I feel as though I could wrap of this review with just that one word. Habibi is one of the best books I’ve read in a long time. Josh (friend, librarian and book recommender-extraordinaire) told me about this book last fall, at which point I went directly to the Arlington Library homepage and put it on hold, to be shipped to my local library branch. It took about a month for the book to become available, which just happened to fall during the time I was exploring Anne of Green Gable’s red cliffs on Prince Edward Island. That meant the book was shipped back to its home branch, with me never laying eyes on it. I actually forgot about it for a long time, until I recently got another email from Josh, asking what I thought of the book. Well, my first thought was “Crap!” as I had totally let it slip my mind. Back to the Arlington website I went, this time being sure to bundle up and trek over there as soon as I received the email notice saying that my selection had arrived.
It was worth the wait! (Twice.)
Habibi is the unconventional love story of Habibi and Zam. Neither of their lives follow traditional paths. Habibi is sold as a child bride, whose husband is soon murdered and she is sold into slavery. With a bit of wit and luck, she escapes her captors, but not alone. She takes with her a baby boy who has been abandoned by his mother. Together, the two of them live on a deserted boat that serves as both a physical and mental oasis for the pair. Habibi does whatever she must to provide for her young charge, nurturing him and providing a home for him.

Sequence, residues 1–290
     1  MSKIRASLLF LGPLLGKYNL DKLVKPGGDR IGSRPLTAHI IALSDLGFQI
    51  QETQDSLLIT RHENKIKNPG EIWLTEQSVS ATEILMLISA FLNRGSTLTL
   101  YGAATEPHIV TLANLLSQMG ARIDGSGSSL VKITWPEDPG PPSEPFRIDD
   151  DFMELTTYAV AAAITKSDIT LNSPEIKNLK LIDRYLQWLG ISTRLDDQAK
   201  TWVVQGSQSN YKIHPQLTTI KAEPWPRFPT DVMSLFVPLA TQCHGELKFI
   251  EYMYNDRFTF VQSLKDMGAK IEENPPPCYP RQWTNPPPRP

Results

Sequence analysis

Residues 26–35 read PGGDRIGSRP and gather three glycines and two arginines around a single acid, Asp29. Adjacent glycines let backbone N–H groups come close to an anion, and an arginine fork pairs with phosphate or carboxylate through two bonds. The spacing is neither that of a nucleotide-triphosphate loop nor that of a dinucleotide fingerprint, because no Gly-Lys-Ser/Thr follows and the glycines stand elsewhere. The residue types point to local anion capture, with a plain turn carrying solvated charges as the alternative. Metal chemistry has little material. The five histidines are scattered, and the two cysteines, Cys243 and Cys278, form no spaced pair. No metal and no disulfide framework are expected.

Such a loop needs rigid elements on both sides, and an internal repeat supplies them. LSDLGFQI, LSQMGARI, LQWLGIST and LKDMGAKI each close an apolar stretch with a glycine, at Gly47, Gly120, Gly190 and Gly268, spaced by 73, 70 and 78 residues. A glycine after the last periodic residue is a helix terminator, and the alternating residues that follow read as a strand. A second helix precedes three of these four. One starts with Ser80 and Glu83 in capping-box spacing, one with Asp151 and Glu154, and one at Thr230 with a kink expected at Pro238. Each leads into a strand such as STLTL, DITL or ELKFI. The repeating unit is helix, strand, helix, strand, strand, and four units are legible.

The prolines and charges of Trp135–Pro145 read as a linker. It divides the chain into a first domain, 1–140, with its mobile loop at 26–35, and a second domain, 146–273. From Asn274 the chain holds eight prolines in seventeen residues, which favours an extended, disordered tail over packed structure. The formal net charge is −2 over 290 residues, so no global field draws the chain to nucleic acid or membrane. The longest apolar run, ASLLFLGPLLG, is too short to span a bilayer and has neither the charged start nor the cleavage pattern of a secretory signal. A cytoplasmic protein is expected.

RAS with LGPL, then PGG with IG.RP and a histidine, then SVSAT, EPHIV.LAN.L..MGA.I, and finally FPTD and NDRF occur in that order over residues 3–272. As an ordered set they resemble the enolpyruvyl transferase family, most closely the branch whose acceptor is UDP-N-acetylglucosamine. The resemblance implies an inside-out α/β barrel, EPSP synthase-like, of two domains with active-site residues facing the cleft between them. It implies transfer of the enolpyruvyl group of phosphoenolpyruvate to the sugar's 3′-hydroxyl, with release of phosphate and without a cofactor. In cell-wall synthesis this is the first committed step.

Habibi and Zam aren’t living in a vacuum. As they mature, the age span that seemed so immense in their childhoods quickly evaporates. Habibi doesn’t recognize that an alteration is taking place and is shocked when Zam is suddenly not the little boy he used to be. The unfortunate circumstances of their lives pull them apart from one another for years, at which time they individually go through huge physical and psychological transformations. When their worlds suddenly collide again, they are no longer the people they used to be. Their childhood love still exists, but to repackage it into an adult love takes more out of them than they may have to offer.
The story told by Thompson is a stunning one, and would stand strongly on its own, but he couples it with an amazing artistic ability, turning a powerful tale into a magnificent work of art. Graphic novels are often overlooked as nothing more than long comic books; I know this attitude was prevalent among some of my fellow English teachers. I would challenge any of them to read this work and then see if they don’t reevaluate their former stance.
Habibi is the graphic novel genre at its finest. The artwork not only supports the storyline, but it creates one of its own. Details add to the tale, providing information that words wouldn’t do justice. Thompson employs devices that may be easily overlooked by a causal reader, but add an incredible depth to the work as a whole. For instance, through the pattern and color of the margins of a given page, the reader can tell which of the many storylines is being told. This allows the story to jump between characters and settings with no written segue, just the visual one provided through the graphics.
This novel is beautiful- both the writing and the illustrations. I was hooked from the very first page, doing little other than reading from the time I cracked the front cover until the time I stared at the final page, wishing for more. I was drawn in by every aspect of this book and am thrilled to see a graphic novel reach this level of sophistication and splendor. Craig Thompson’s novel Habibi easily earns: